I'd like to see this in practice somewhere. It could work but I haven't see any tool implementing this.

I agree the current definition of severity isn't ideal, but it's certainly a good start.

I don't see how it's "a good start".

For example, the "important area to whom" question can be defined, say, in terms of the WMF's strategic goals, or the Engineering team

If the several stakeholders can somehow agree on something, okay. Again, designers might have a different interpretation of "major issue" than a performance engineer (maybe a bad example if it's unlikely that one bug report will touch both design and performance).

getting rid of the "unspecified" value

(The Severity field in Bugzilla has no "unspecified" value - that's the Priority field.)

and assigning a mid-range value by default (maybe "enhancement", based on the 60% number cited above?) could help here.

Enhancement will be expressed by the "Priority" value "Wishlist" in Phabricator. Also, "enhancement" is unrelated to any Severity/Impact. Instead it is a boolean value on its own. (That enhancement request to replace the joystick by a steering wheel in the car that we produce can be pretty severe if all other competitors ship that already and if we'd go bankrupt). It is wrong that Bugzilla has "enhancement" as a value in its Severity field.

I proposed impact as a measure of how many people the issue annoys.

I don't see how "many people" can be defined. Estimation must be based on something, otherwise I'd call it wild guessing.

I just think two reasonably objective measures with sane defaults are better than a single, subjective priority measure that we often won't be able to agree on

I miss how to concretely achieve such "objective measures" because currently we don't have them. If you can draw such concrete values and add them to the discussion here, that would be awesome. Right now it feels like "things aren't great, we can improve them" but I don't see a clear and specific proposal. And I miss why it's "better" - usecases.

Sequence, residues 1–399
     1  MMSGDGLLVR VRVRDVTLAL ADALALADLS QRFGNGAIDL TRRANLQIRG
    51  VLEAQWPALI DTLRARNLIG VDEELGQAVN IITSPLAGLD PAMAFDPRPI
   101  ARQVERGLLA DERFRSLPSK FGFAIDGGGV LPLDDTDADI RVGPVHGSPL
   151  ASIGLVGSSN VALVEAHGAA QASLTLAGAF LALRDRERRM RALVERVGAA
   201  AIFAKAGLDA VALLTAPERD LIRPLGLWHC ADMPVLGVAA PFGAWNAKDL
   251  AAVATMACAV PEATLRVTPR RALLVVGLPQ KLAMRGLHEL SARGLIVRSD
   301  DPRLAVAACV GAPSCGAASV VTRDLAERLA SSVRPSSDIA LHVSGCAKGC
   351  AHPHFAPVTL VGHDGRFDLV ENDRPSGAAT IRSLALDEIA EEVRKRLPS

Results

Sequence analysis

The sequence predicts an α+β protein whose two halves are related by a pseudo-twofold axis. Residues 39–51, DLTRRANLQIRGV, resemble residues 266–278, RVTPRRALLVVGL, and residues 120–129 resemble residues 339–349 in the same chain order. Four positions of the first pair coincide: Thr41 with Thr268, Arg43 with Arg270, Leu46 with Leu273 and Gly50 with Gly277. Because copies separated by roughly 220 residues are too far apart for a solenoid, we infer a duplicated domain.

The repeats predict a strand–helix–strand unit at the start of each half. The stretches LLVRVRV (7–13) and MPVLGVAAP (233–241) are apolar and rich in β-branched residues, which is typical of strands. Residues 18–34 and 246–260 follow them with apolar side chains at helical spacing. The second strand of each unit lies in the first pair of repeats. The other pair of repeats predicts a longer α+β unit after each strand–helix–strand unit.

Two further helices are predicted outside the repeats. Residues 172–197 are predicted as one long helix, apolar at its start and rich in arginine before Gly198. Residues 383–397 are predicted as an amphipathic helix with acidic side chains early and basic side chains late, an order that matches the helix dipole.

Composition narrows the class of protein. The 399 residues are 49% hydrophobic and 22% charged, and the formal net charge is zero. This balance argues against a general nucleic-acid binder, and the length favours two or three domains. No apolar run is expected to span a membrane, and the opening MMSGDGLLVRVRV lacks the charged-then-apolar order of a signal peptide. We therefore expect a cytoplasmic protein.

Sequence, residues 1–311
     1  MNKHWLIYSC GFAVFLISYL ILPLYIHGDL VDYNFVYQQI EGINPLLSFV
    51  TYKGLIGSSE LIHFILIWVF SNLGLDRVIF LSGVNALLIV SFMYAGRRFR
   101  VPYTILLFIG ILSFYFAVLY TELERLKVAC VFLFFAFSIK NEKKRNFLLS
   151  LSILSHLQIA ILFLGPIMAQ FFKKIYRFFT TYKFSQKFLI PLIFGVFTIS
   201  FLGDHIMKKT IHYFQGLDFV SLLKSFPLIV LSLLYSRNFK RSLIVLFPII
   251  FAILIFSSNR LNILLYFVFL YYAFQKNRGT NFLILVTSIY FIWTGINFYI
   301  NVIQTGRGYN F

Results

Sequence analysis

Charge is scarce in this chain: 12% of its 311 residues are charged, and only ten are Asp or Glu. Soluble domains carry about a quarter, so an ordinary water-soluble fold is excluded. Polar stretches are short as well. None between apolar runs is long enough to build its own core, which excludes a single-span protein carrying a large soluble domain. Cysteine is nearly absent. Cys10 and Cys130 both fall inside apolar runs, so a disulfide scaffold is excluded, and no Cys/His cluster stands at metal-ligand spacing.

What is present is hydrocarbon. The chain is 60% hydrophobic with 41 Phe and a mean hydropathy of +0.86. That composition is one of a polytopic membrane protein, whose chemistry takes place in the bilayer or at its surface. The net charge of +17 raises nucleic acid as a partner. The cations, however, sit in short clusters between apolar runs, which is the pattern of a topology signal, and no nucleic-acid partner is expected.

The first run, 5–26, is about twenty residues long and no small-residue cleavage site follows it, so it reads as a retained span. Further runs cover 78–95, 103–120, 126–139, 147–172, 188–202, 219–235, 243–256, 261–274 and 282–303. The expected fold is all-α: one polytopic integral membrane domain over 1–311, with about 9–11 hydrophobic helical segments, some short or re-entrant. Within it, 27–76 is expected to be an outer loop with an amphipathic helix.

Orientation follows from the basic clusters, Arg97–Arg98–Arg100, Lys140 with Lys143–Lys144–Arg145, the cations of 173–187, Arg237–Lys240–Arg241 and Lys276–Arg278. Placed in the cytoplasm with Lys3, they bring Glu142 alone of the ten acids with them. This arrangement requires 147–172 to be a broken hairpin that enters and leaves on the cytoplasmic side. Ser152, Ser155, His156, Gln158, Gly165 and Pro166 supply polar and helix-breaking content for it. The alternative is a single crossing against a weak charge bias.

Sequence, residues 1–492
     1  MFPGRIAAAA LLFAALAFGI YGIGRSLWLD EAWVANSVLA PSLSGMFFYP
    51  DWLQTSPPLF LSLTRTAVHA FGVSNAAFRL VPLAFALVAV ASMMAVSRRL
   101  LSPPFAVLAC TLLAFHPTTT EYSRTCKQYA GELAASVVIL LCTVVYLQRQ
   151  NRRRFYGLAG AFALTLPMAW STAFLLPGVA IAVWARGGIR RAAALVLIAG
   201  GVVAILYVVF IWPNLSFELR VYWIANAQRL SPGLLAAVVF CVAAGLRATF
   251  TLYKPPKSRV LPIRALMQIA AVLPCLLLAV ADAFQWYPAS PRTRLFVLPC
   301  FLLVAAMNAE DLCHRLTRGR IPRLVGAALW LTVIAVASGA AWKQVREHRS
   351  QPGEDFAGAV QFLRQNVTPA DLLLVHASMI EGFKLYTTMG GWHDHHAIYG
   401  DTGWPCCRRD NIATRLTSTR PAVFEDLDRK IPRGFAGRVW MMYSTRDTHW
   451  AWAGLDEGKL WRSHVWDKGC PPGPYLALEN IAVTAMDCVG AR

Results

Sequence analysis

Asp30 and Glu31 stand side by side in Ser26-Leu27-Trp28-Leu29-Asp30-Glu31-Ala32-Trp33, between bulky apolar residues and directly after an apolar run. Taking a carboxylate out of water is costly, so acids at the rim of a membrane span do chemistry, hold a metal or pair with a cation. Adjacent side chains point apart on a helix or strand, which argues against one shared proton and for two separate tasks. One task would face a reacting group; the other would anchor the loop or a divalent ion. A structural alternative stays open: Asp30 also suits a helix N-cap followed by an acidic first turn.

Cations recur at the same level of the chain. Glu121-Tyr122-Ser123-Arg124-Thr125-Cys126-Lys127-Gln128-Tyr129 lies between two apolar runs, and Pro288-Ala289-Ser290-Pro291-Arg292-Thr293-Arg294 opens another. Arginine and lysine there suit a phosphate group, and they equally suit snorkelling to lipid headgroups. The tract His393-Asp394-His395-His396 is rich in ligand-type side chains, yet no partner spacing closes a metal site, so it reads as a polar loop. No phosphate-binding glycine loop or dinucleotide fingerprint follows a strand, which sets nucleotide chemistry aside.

aklapper wrote on 2014-07-29 22:02:35 (UTC)

In T168#57, @jdforrester wrote:

As a product manager, I need an orthogonal way to represent how major an issue/problem/improvement a task is for users, distinct from whatever priority I have currently given it ("priority") and how difficult it is for engineers to do ("points").

This is vital when considering which tasks should go in each sprint, and reconsidering longer-term prioritisation. It is particularly important for triaging tasks reported by users and others, to gauge which ones to triage first.

How often do tasks go into a sprint which have lower impact (minor or trivial, in current Bugzilla terms)?

With regard to longer-term prioritisation: Would that mean it's more likely that you add tasks to a future sprint which had a lower priority but a higher impact/severity? If so, I'd interpret that as using Severity/Impact to "subclassify" tasks sharing the same lower Priority, to bump Priority later based on Severity/Impact. It's a pattern that can also be observed in Eclipse Bugzilla (according to page 4 in http://herraiz.org/papers/english/msr84cp-herraiz.pdf ).